Open-source password manager Bitwarden has gained a feature that might give you some peace of mind in case of an emergency. If you're a premium subscriber (at $10/year), you can now specify designated contacts that can request access to your Vault to help out if you can't get ahold of your passwords yourself.

The feature only works if your contact is a Bitwarden user, but since that's only a matter of signing up for the password manager's free service, that shouldn't be a big hurdle. Once you've set up an emergency contact, they can request access via their Bitwarden web vault. The request is automatically approved after a period of time you can specify ahead, but you also get an email notification that allows you to manually deny or approve the request. The system is supposed to help if someone needs to attend to your affairs in case you're in a coma or otherwise disabled.

How it works

Emergency Access uses public key exchange and encryption/decryption to allow users to give a trusted emergency contact permission to access Vault data in a Zero Knowledge/Zero Trust environment:

  1. A Bitwarden user (the grantorinvites another Bitwarden user to become a trusted emergency contact (the grantee). The invitation (valid for only 5 days) specifies a user access level and includes a request for the grantee’s public key.
  2. Grantee is notified of invitation via email and accepts the invitation to become a trusted emergency contact. On acceptance, the grantee’s public key is stored with the invite.
  3. Grantor is notified of acceptance via email and confirms the grantee as their trusted emergency contact. On confirmation, the grantor’s Master Key is encrypted using the grantee’s public key and stored once encrypted. Grantee is notified of confirmation.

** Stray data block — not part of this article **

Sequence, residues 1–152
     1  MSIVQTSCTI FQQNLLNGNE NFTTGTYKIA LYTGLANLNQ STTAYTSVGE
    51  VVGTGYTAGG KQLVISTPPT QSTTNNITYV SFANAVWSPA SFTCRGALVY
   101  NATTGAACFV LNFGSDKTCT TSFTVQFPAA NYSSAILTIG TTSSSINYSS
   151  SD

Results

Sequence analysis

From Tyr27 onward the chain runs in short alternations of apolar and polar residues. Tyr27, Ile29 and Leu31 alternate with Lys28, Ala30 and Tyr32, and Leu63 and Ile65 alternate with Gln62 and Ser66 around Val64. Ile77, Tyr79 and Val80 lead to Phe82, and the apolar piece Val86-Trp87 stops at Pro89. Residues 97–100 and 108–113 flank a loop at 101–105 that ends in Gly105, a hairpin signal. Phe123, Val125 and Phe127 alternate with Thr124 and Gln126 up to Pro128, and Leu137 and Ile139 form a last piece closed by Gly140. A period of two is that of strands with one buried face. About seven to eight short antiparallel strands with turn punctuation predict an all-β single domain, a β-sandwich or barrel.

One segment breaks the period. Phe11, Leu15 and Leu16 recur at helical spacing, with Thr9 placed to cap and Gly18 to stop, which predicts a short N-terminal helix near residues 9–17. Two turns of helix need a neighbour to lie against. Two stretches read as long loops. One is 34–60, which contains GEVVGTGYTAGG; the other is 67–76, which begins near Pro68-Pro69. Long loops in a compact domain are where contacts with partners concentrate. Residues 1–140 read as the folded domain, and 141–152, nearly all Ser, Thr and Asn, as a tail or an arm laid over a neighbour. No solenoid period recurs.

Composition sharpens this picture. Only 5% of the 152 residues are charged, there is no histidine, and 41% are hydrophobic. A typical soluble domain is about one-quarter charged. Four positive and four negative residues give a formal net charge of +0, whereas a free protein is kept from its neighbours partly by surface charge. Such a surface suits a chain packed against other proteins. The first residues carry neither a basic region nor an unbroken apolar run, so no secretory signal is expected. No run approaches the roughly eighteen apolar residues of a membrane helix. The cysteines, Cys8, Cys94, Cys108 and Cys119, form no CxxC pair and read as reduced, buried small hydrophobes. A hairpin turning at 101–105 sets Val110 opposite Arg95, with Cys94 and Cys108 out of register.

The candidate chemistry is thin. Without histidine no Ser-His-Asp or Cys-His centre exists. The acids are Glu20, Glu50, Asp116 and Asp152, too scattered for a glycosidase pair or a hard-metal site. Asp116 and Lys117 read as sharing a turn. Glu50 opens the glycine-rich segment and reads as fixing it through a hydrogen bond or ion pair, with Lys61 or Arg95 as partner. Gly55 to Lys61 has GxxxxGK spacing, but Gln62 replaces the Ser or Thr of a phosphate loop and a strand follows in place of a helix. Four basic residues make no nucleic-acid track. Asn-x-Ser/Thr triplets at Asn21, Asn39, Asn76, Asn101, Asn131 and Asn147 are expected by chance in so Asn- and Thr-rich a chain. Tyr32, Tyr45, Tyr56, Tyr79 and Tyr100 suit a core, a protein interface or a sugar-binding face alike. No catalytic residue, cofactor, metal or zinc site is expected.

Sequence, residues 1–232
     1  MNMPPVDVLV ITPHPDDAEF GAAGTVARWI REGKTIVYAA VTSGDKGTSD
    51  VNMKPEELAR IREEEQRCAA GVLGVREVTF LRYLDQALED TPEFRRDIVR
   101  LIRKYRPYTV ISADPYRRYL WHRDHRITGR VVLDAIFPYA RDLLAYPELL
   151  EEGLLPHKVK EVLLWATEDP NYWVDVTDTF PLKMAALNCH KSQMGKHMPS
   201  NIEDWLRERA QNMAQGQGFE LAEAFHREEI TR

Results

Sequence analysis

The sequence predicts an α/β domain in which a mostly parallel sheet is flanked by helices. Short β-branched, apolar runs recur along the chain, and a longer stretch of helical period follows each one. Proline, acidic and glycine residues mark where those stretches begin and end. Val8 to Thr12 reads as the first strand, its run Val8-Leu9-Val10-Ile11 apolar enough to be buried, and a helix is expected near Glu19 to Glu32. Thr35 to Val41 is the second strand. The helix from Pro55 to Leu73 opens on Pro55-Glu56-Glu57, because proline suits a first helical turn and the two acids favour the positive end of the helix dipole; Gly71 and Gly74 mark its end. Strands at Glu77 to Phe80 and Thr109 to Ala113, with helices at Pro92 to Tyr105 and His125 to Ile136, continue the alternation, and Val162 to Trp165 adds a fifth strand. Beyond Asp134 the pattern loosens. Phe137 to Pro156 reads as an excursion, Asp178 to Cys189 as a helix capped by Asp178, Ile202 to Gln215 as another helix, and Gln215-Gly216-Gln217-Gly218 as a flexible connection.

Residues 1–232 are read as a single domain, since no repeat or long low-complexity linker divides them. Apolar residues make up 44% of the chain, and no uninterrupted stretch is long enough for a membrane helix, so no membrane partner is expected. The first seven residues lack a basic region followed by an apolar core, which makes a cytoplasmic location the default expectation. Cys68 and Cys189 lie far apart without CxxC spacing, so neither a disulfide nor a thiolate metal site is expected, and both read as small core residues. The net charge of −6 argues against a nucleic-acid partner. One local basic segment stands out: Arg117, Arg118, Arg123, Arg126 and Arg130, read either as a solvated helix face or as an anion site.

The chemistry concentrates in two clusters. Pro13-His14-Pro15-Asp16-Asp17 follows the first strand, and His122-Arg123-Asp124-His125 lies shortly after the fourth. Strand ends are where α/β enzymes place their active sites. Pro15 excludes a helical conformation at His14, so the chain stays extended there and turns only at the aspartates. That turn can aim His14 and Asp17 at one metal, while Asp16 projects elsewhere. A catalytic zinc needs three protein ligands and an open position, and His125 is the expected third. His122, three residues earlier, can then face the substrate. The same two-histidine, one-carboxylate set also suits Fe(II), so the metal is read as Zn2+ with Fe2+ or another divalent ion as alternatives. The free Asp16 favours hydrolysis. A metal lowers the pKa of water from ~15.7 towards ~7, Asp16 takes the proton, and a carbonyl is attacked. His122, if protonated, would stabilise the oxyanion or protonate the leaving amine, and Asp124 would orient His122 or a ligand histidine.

4. An emergency occurs, resulting in grantee requiring access to grantor’s Vault. Grantee submits a request for emergency access.
  5. Grantor is notified of request via email. The grantor may manually approve the request at any time, otherwise the request is bound by a grantor-specified wait time. When the request is approved or the wait time lapses, the public-key-encrypted Master Key is delivered to grantee for decryption with grantee’s private key.
  6. Depending on the specified user access level, the grantee will either:
    • Obtain view/read access to items in the grantor’s Vault (View).
    • Be prompted to create a new Master Password for the grantor’s Vault (Takeover).

Bitwarden isn't the only cross-platform password manager that offers emergency access, but with all core features available for free and more at a fee of $10 a year, it's probably the most affordable option. LastPass, 1Password, and Dashlane are some great alternatives if you're looking for other services that have had emergency sharing for a while already.

Bitwarden Password Manager
Bitwarden Password Manager